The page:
Special needs
Right now, our major focus is caring for the most vulnerable animals&#8212;the pregnant mothers and their puppies. Giving birth needs to happen in a quiet, restful place, and the puppies need good nutrition and constant attention. Sadly, many of these mothers are simply too young or too old to be having puppies, and a number of them need extra help caring for their newborns.
Earlier this week, one Chow puppy was rejected by his exhausted mother. Only a few days old, he was being watched over, fed and held around the clock by veterinarians and volunteers. But every day, he cried for his mama, and the feeble sounds were heartbreaking. Then, this morning, another dog responded to his calls, taking him in with her own litter of puppies. Now, he is safe and sound and contented in a new family.

Moved by kindness
The capacity of these neglected dogs to not only forgive and trust again, but to extend compassion to each other brings me to tears. So too does the generosity and support of a huge community of people, including you, who have allowed us to give these deserving dogs a second chance at happiness.
by Rebecca Aldworth

Toronto Bans Pet Stores From Selling Puppy Mill Cats and Dogs

Toronto cracked down on puppy mills this week by voting to ban pet stores from selling puppies and kittens from commercial breeding facilities.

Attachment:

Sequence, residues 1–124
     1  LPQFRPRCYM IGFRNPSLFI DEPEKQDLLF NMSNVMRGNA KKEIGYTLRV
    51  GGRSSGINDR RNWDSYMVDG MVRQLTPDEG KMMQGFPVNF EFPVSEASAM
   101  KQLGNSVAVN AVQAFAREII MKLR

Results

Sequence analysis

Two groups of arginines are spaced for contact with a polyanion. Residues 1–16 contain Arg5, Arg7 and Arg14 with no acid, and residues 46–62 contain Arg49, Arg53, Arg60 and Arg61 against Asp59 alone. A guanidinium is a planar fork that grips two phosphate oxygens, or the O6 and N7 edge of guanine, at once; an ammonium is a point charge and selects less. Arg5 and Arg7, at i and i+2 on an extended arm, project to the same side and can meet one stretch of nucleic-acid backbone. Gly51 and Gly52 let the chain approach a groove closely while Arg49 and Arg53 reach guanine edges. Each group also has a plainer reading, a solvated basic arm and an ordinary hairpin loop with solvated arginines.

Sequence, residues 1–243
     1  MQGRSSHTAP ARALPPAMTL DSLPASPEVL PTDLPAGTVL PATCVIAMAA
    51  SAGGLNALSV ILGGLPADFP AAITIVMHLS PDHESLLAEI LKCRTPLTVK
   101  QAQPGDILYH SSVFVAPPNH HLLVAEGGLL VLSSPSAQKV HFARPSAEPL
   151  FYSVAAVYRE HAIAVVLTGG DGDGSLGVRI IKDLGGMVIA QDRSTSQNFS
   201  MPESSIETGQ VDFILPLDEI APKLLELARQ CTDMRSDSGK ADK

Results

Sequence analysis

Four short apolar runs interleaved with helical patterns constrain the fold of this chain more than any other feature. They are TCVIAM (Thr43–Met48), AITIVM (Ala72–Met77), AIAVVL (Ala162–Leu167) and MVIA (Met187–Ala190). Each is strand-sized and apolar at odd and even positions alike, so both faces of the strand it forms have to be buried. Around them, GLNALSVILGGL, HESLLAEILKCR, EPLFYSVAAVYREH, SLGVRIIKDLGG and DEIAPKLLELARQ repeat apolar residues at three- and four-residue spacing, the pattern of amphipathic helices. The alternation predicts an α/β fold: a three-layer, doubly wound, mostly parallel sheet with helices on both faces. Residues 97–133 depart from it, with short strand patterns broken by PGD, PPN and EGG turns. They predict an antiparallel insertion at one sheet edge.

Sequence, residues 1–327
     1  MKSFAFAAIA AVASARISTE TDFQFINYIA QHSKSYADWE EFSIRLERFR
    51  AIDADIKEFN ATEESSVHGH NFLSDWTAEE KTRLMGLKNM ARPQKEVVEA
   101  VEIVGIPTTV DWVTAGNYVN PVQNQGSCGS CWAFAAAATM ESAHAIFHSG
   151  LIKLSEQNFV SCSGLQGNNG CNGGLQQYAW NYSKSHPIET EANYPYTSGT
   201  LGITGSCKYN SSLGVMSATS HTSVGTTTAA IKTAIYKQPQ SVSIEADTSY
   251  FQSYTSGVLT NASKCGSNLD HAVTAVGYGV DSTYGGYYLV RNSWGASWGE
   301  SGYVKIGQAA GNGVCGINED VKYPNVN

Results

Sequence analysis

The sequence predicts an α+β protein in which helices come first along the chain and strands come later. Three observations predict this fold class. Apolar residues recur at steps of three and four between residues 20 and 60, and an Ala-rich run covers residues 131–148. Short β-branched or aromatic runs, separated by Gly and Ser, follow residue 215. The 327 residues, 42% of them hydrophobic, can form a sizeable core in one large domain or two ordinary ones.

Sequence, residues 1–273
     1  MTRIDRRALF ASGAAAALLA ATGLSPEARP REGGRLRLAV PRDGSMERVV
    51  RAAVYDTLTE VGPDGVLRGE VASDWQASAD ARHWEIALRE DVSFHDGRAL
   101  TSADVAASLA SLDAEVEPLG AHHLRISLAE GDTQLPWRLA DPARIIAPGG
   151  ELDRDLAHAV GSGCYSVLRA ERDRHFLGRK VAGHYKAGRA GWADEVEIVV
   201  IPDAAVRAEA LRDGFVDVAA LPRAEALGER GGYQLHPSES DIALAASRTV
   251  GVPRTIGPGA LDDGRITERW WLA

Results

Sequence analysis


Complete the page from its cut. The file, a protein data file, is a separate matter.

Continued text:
Under the new law, retailers will only be allowed to sell cats and dogs that come from shelters, rescue groups or that were donated. Two currently approved sources are Toronto&#8217;s Animal Control Services and the Toronto Humane Society.

Toronto is the second major municipality in Canada to ban the sale of animals from puppy and cat mills. On Thursday, the City Council voted unanimously to pass the measure.

The new regulations come on the heels of the rescue of 527 dogs from a puppy mill in Quebec, in the largest animal cruelty case in the province&#8217;s history. Quebec is known as the puppy mill capital of North America.

Council member Glenn De Baeremaker, who introduced the Toronto ban said, &#8220;&#8230;from coast to coast, we&#8217;re going to protect dogs across this country. For all intents and purposes we&#8217;ve shut the taps to the puppy mills at retail locations in Toronto.&#8221;

&#8220;The goal of this motion is to stop animal cruelty,&#8221; De Baeremaker continued. &#8220;It really slams the door closed on people who mass produce animals for profit.&#8221;

De Baeremaker also pointed out how the ban will cut down on the number of pets euthanized at Toronto Animal Services. There will be fewer animals coming into the shelter system and more homeless cats and dogs being adopted at pet shops.

The new regulations will have an impact on licensed dog breeders who will be prohibited from selling kittens and puppies to pet shops. The breeders will be able to sell animals from their own facilities.